Thursday, March 13, 2008

What's a Bustard?

For that matter, what's a Firecrest? or a Gerald? Many with an Illumina Genome Analyzer are now learning these are the directories that have the data they may be interested in.

What's in those directories?

In this post, we explore some of the data in the directories, talk about what data might be important, and use FinchLab Next Gen Edition (FinchLab NG) to look at some of the files. In the Next Gen world we are also going to be learning about the data life cycle. When you are thinking about how to store three or four or ten terabytes (TB) of data for each run, and considering that you might run your instrument 40 or 50 times or more in the next year, you might stop and ask the question, "how much of that data is really important and for how long?" That's the data life cycle. It's going to be important.

To begin our understanding, let's look at the data being created in a run. When an Illumina Genome Analyzer (aka Solexa) collects data, many things happen. First, images are collected for each cycle in a run and tile in a lane on a slide. They're pretty small, but there are a lot, maybe 360,000 or so and they add up to the terabytes we talk about. These images are analyzed to create tens of thousands (about 100 gigabytes [GB] worth) of "raw intensity files" that go in the Firecrest directory. Next, a base-calling algorithm reads the raw intensity files to create sequence, quality and other files (about 80 GB worth) that go in the Bustard directory. The last step is the Eland program pipleline. It reads the Bustard files, aligns their data to reference sequences, makes more quality calculations, and creates more files. These data go in the Gerald directory to give about 25 or 30 GB of sequence and quality data.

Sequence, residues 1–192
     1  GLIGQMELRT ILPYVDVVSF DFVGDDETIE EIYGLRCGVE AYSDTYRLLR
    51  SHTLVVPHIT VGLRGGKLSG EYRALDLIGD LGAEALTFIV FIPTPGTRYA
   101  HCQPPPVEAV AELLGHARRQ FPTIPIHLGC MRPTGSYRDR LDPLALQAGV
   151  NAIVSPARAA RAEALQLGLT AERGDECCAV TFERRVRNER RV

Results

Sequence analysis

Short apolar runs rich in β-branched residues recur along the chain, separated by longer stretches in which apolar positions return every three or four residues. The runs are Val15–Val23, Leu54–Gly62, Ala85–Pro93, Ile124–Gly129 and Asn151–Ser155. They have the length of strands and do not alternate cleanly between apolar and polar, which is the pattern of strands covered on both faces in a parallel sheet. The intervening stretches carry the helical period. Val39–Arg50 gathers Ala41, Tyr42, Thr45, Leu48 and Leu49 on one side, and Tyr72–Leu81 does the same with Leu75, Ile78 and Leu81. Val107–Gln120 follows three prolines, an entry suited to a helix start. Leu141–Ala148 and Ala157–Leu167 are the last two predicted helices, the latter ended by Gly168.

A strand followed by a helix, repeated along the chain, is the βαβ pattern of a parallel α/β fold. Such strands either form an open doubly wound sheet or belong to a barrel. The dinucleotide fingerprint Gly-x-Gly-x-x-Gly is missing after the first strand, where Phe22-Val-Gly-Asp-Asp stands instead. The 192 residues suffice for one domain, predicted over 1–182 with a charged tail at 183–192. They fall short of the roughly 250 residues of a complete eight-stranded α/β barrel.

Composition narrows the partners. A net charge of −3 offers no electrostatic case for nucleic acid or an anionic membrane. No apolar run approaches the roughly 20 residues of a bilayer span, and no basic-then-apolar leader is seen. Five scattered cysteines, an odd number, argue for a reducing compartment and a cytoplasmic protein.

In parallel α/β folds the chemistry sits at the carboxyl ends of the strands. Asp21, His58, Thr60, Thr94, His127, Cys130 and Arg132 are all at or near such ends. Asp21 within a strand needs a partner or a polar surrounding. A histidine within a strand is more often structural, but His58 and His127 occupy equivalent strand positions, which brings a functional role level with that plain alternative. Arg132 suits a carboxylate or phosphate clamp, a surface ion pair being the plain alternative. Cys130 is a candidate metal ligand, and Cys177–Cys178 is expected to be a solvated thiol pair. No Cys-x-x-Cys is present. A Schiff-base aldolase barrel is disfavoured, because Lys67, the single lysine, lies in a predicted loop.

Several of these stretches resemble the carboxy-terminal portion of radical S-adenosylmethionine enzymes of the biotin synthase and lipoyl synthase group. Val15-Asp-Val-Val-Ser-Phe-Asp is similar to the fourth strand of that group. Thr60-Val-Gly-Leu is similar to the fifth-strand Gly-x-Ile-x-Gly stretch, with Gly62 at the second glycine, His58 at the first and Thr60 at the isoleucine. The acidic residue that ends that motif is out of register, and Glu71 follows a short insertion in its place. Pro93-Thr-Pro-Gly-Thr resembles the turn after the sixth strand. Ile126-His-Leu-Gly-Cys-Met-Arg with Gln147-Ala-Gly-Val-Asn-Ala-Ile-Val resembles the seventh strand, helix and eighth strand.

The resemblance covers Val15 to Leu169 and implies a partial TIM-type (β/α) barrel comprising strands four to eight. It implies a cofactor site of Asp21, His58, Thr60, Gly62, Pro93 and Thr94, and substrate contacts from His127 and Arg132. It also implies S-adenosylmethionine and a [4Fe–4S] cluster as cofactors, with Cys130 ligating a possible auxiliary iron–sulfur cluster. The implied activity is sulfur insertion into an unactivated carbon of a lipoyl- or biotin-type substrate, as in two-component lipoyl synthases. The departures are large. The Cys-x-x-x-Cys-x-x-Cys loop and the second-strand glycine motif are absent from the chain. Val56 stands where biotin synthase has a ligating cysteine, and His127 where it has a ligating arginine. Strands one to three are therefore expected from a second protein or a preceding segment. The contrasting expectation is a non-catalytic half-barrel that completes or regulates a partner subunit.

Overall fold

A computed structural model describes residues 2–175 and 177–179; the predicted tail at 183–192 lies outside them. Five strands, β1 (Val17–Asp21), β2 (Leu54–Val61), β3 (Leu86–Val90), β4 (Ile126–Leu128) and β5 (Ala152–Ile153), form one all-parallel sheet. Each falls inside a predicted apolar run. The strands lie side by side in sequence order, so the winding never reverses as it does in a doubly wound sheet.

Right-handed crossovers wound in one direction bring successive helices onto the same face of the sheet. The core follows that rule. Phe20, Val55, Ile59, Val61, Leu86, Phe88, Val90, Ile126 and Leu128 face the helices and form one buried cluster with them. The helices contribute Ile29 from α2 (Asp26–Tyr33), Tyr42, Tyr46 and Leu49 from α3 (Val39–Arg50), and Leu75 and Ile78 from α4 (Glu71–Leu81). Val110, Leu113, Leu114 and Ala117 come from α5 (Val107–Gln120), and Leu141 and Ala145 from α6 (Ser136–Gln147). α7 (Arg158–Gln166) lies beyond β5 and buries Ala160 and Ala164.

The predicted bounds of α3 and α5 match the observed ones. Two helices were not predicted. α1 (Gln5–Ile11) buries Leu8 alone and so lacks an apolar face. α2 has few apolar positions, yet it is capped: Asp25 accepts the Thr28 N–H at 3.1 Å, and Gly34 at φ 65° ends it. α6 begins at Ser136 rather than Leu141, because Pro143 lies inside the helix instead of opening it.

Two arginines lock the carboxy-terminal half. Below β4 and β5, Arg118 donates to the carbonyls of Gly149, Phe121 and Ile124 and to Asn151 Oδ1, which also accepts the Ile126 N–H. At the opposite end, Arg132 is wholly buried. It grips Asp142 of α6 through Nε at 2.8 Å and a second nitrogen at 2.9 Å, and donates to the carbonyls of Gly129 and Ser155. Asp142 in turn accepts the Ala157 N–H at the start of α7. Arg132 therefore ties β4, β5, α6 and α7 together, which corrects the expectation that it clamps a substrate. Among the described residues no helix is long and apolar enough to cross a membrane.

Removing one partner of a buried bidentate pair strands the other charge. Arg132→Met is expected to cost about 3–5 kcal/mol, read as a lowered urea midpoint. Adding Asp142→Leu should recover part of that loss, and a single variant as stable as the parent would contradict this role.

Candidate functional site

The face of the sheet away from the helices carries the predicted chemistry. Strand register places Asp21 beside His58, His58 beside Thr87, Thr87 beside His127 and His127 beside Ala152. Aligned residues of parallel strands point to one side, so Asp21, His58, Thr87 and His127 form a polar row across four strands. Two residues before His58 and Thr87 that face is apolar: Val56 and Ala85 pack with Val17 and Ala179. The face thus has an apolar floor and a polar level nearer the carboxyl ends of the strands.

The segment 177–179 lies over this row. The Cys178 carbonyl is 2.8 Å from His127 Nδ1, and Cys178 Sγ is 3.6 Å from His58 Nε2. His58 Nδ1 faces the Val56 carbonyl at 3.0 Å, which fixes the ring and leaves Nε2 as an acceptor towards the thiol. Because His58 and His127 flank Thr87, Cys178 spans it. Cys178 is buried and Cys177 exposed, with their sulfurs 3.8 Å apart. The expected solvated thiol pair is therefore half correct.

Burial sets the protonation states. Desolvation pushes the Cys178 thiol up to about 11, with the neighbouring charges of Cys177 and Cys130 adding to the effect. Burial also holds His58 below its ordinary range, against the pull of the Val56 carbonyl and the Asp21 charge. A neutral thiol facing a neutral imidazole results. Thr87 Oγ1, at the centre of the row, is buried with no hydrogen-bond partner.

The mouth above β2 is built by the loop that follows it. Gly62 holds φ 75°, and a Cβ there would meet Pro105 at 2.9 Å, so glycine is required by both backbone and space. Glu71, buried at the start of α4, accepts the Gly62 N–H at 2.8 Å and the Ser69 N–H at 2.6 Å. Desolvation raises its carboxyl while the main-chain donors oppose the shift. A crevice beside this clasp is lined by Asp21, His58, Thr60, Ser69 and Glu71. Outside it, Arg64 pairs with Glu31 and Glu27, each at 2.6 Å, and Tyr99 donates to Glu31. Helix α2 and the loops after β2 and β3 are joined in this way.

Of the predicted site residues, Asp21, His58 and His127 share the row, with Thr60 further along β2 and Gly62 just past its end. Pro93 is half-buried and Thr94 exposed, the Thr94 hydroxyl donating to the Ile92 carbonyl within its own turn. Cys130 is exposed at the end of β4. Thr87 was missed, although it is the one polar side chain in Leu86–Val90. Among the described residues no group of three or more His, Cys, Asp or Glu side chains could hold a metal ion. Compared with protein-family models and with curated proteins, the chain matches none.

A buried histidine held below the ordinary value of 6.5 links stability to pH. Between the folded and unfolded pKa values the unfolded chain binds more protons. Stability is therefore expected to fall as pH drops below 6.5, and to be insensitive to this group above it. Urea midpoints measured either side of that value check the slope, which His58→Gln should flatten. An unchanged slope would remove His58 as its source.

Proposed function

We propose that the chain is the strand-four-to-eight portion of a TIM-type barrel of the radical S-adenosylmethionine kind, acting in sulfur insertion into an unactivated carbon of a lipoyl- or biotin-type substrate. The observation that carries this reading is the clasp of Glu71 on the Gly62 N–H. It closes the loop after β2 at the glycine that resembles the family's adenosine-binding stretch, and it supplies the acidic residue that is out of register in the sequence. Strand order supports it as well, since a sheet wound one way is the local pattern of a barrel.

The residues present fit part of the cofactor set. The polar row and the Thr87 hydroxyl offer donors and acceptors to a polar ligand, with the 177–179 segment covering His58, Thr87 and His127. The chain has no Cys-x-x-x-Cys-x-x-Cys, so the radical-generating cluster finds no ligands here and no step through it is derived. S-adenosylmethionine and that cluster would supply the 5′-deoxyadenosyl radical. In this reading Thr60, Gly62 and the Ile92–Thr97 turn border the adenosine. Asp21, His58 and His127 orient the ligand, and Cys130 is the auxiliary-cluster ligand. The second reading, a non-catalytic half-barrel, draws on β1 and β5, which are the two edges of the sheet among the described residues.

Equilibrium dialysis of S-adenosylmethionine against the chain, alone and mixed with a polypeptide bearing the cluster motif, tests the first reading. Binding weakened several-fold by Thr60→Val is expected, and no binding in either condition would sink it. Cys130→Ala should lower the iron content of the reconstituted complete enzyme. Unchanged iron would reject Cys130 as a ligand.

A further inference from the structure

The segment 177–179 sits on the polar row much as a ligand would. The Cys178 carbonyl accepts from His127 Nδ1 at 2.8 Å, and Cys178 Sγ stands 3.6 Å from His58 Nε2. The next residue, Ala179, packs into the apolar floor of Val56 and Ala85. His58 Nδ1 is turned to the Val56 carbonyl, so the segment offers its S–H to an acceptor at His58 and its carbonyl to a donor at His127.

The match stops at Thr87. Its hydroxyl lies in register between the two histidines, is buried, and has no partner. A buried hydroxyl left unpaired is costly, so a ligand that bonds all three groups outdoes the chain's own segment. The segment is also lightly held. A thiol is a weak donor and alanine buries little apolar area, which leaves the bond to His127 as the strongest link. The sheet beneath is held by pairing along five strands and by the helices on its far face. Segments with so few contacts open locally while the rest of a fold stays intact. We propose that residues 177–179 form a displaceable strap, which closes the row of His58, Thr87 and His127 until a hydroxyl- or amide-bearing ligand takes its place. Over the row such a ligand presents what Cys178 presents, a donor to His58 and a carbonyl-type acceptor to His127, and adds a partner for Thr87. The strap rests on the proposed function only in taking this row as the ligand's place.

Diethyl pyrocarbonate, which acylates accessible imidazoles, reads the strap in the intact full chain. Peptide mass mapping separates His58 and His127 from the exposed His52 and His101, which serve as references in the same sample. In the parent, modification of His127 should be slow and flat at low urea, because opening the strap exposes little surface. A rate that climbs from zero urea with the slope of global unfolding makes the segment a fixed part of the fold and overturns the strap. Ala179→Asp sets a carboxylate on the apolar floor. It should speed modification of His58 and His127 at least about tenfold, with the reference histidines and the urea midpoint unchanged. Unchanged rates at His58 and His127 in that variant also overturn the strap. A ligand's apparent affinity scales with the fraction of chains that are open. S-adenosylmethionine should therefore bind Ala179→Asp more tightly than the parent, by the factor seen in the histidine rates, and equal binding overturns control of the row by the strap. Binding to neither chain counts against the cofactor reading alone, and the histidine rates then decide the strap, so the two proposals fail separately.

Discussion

So, what's the best data to work with? That depends on what problem you are trying to solve. Specialists developing new basecalling tools or alignment tools might focus on the data in Firecrest and Bustard. Most researchers, however, are going to work with data in the Gerald directory. That reduces our TB problem down to a tens of GB problem. That's a big difference!

FinchLab NG can help.

FinchLab NG gives you the LIMS capabilities to run your Next Gen laboratory workflows and track which samples go on which slides and where on the slide the samples go. We call this part the run. When a run is complete you can link the data on your filesystem to FinchLab NG and use the web interfaces to explore the data. You can also link specific data files to samples. So, if you are sharing data or operating a core lab your researchers can easily access their data through their Finch account.

The screen shot below gives an example of how the HTML quality files can be explored. It shows two windows, the one on the left is the FinchLab NG with data for a Solexa run. You can see that the directory has 3606 files and a number are htm summary files. You can find these 12 files in that directory of 3606 files entering "htm" in the Finch Finder.The window on the right was obtained by clicking the "Intensity Plots" link that is directly below the info table and just above the data list. In this example the intensity plots are shown for each tile of the 8 lanes on the slide. To see this better click the image and zoom in with your browser.

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